150-Year-Old Japanese Book Shows U.S. History as an Epic Mythology

A Japanese book from the 1800s features an alternate depiction of United States history in which historical American figures are capable of superhuman feats.

Written by Kanagaki Robun and illustrated by Utagawa Yoshitora near the end of The Edo Period in 1861, Osanaetoki Bankokubanashi (“Children’s Illustrated Tales from 10,000 Countries”) provides an interesting look at how Japan viewed the Western world at the time, reports SoraNews24.

The book, which was based on second-hand sources from Kaikoku Zushi (“Drawings of Foreign Countries”) and Amerika Ittōshi (“American Unified History”), was published some eight years after Commodore Perry forced Japan to end its 220-year-old policy of isolation in 1853.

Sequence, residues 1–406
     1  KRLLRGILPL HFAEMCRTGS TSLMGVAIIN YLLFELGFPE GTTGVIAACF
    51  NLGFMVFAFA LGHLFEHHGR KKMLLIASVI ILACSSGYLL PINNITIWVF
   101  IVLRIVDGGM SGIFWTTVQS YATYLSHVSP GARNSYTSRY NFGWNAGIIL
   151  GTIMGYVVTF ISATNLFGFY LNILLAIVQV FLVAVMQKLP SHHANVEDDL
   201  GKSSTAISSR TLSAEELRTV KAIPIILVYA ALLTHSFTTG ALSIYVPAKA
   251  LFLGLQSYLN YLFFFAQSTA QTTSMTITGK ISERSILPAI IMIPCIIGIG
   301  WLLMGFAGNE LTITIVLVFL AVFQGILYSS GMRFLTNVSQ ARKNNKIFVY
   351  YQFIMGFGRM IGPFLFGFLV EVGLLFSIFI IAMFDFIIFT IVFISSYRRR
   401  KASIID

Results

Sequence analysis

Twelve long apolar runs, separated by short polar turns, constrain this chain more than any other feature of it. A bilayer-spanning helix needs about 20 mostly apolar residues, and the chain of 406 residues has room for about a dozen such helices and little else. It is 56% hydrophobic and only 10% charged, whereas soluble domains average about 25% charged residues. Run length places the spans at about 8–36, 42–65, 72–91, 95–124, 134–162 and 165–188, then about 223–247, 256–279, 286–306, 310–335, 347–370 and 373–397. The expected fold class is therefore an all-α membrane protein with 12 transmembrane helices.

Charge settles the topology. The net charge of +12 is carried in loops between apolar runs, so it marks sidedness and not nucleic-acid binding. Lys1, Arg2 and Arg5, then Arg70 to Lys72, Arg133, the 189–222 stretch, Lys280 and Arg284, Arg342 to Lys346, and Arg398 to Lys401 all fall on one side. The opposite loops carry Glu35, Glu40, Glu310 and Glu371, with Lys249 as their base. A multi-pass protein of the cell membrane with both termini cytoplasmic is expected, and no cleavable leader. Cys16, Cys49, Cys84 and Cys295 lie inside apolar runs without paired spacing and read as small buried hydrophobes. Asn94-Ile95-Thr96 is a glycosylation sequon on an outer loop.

Historian Nick Kapur recently posted some of the unintentionally hilarious illustrations from the book on his Twitter account.

George Washington, who is referred to in the book as “Father of the Country, Washington,” had his name spelled with the kanji for “story,” “holy,” and “east.”
The second U.S. President John Adams is shown below killing a gigantic serpent:
Meanwhile, Benjamin Franklin is shown here being able to lift a cannon with his bare hands during an epic battle:
A narrative from the book featured John Adam’s mother getting eaten by a snake:

But then! While John Adams is too obsessed with the food and drink, a huge snake comes along and *eats* his mom!
Maybe the snake was a child of that other snake John Adams killed, or maybe it was sent by Ben Franklin as part of their feud?

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